The Ideas they Carried

Writing is taking the long road to say something simple.

                Stand up for what you believe in.

                Try not to be a dick.

                If we all work together, we can do great things.

The funny thing about acknowledging that you’re doing something complicated to convey a seemingly simple message is that what you do suddenly carries a bit more weight. Because of that, most stories weigh more than they’re worth. Readers abandon them in search for something they are willing to carry.

We write because we think he have something important to say. We package our message in a way we believe is accessible and enjoyable. Imagine you have to carry around a six-by-four-foot painting. This painting is being stuffed in your car, sitting next to you at the bar, and hung over your bed every night. What happens when you see a painting you like better? Maybe it’s a painting that you find equal value in. Well, now you’re carrying around two paintings. They sit next to you at the bar, taking up twice as much room. After you gather several paintings, you start to condense them, making your own painting to carry around so you have room for more.

And that’s what writing should be: a collection of powerful ideas, images, and situations played out to their extremes. They take up every inch of the mind when considered. I’m not saying a work that’s mostly fluff won’t do well. In fact, people like fluff. We’re overexposed to it, and we carry it around like a spare tire built on dollar menus and free samples. But what does that person’s painting look like? Considering how large it is, it’s surprisingly light. Fluff doesn’t demand more of us. It doesn’t push thought or the status quo. Fluff is being upset when someone doesn’t like the beat of your favorite song. It’s believing your rhythm is more true than anyone else’s. Of course, fluff can be shaped into muscle.

Think about people who say things like, “If you don’t think Journey is the greatest band ever, then screw you.” I mean, they have some good songs, but greatest band ever…what was I talking about? Oh right, it’s the discussion that can come from disagreeing on styles, influences, and technicalities where real value is found. Someone who hasn’t considered why they enjoy something doesn’t help us gain ground in the realm of intellectualism. I mean, blind nationalism, sure, but then they’re only a pawn to be sacrificed.

Think of a painting that tends to move onlookers. My favorite is Picasso’s Guernica. It’s not just telling you to buy into an idea, it’s really setting the stage for you to think. As your thoughts evolve, you see the painting differently. It has layers that are readily accessible to those who seek them. It also provides the want to seek those things out for the less interested. This is truly the job of a writer.

We’re not telling readers to think a certain way, we’re guiding them to consider things they might not have wanted to. We’re not telling them about how wars kill people, we’re showing them the soldier bleeding in the battlefield, thinking his last thoughts about the life he’ll never get to live because someone somewhere thought it’d be nice to have a bit more power. Even the novels with the happiest of endings want to show us the work involved in getting there. Silver spoons aside, we celebrate those who lose everything and build themselves back up.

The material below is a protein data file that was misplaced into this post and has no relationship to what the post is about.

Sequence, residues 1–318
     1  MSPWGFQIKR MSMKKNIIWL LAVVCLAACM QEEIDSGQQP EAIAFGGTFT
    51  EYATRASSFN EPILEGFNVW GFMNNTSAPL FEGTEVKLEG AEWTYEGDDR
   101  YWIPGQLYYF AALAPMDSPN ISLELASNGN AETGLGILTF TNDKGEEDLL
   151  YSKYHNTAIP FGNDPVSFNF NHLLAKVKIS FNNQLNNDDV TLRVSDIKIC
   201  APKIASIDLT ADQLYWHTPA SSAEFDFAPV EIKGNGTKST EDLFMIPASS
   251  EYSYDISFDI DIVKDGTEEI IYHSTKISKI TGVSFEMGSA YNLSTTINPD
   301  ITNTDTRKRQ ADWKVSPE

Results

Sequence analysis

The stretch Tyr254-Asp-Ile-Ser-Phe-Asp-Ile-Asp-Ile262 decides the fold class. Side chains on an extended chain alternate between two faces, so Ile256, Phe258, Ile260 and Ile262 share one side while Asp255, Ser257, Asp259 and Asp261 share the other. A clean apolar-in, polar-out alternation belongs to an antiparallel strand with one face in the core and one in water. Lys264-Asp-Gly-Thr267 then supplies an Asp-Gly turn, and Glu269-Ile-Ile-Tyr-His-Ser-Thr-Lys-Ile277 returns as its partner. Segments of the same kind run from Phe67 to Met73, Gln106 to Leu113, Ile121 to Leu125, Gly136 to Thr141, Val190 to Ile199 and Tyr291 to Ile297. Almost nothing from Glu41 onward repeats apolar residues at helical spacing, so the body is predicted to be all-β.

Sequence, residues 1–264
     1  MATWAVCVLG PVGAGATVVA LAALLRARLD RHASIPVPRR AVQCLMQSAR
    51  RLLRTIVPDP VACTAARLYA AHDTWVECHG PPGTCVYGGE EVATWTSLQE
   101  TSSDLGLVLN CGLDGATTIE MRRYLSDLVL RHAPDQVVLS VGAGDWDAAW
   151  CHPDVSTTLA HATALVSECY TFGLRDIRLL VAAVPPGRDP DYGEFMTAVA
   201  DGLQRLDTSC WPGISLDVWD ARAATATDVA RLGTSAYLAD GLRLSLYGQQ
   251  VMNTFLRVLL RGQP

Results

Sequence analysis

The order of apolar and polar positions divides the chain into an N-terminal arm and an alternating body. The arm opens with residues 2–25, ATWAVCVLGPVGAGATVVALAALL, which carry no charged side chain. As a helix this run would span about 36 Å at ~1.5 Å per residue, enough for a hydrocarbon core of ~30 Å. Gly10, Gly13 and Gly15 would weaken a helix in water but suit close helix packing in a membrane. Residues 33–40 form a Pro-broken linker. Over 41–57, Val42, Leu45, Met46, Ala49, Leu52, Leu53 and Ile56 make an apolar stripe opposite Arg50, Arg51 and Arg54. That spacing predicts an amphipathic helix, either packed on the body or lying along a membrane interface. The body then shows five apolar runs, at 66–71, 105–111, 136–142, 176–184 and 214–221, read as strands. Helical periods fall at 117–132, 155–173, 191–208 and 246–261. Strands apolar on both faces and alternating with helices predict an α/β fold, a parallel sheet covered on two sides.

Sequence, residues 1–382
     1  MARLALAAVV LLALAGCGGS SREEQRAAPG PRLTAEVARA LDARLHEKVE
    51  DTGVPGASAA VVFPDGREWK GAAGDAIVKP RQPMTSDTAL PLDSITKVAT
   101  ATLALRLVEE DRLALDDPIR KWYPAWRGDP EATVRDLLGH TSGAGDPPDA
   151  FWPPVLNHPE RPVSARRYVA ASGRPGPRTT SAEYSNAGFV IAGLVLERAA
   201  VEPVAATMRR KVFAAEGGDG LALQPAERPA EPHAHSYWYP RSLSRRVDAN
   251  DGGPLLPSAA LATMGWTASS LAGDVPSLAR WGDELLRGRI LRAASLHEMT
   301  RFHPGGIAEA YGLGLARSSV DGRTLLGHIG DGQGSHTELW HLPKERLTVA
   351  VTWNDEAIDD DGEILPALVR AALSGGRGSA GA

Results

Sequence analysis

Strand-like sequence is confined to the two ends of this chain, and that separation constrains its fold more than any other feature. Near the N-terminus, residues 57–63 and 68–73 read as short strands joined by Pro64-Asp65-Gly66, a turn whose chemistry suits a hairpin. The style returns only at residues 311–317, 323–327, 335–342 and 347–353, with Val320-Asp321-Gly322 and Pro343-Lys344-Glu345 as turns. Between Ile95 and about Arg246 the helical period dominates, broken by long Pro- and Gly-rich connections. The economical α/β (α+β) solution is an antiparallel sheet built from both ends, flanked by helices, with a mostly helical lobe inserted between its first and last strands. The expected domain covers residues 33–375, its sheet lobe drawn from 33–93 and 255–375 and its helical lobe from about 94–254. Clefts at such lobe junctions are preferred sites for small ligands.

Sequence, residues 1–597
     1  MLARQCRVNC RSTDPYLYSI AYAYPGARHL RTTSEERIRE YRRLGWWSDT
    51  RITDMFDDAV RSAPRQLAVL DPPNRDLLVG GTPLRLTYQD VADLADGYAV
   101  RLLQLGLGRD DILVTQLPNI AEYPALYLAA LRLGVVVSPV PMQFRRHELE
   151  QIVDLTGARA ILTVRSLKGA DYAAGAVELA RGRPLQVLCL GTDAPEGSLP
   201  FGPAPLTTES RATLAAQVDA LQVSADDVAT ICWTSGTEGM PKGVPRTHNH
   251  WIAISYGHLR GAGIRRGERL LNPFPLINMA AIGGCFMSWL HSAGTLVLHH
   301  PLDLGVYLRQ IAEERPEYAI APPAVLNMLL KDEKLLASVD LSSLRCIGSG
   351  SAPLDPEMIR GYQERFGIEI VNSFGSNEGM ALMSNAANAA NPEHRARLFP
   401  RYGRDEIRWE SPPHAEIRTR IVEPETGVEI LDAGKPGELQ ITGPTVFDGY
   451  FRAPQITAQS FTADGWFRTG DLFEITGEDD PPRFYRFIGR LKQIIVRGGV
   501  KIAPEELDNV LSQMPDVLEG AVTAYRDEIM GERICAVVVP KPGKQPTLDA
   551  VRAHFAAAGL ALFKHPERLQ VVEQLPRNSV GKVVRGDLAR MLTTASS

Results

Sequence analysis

Why?

Because we’ve seen the value in accordance with the weight. We’ve been there in the struggle, we’ve walked the minefields, and we’re all the better for it. A good novel is a painting that someone wants to add to their collection because it screams in the voice of the heart. When you write a book where someone suffers, odds are you stopped short. It’s not real if it’s real. We strive to stretch our minds thin to mimic the life of whoever is suffering. You have to set that stage. Take away reason, take away common sense, and replace those with fear and doubt. The reader needs to be uncomfortable to really take something away.

There are those carrying around nice paintings. They make you smile, they make you laugh, and they make your day a little bit brighter. Guess what, those paintings aren’t going anywhere. They’re a dime a dozen. Some of you may be thinking, “They might be a dime a dozen, but it’s easier for me to sell roses than gorse.” Well, you’re right. But when everyone’s carrying rose-filled paintings, you’re not just going to want another flower, you’re going to want something that makes people question the inherent value of the rose.

Whatever you’re writing, saying something is not enough. Put us in there, make reader’s feel. I run into too many questions asking “how do I write better?”. Grab a gorse and you’ll figure it out. Writing is the ability to push yourself to the limit and share it with the world. You find the message you hold dearly, and you attack and destroy it, and see if it holds up. If you think the world would be a better place if we all just got along, write that story, but be ruthless. That’s how some of the best utopia/dystopia novels started. Those writers didn’t hold back, and neither should you.

The hero is hanging on the edge of a cliff, the antagonist stands over him, the jagged rocks below seem to lick their teeth, but something’s missing. Whatever that is varies from writer to writer, but that’s the blank you’re trying to fill. I want to see your novel as a painting worthy of my collection—of everyone’s collection. Don’t settle for telling me life is tough, keep me hanging on that cliff until you catch me or let me fall.

I look forward to reading your masterpiece.

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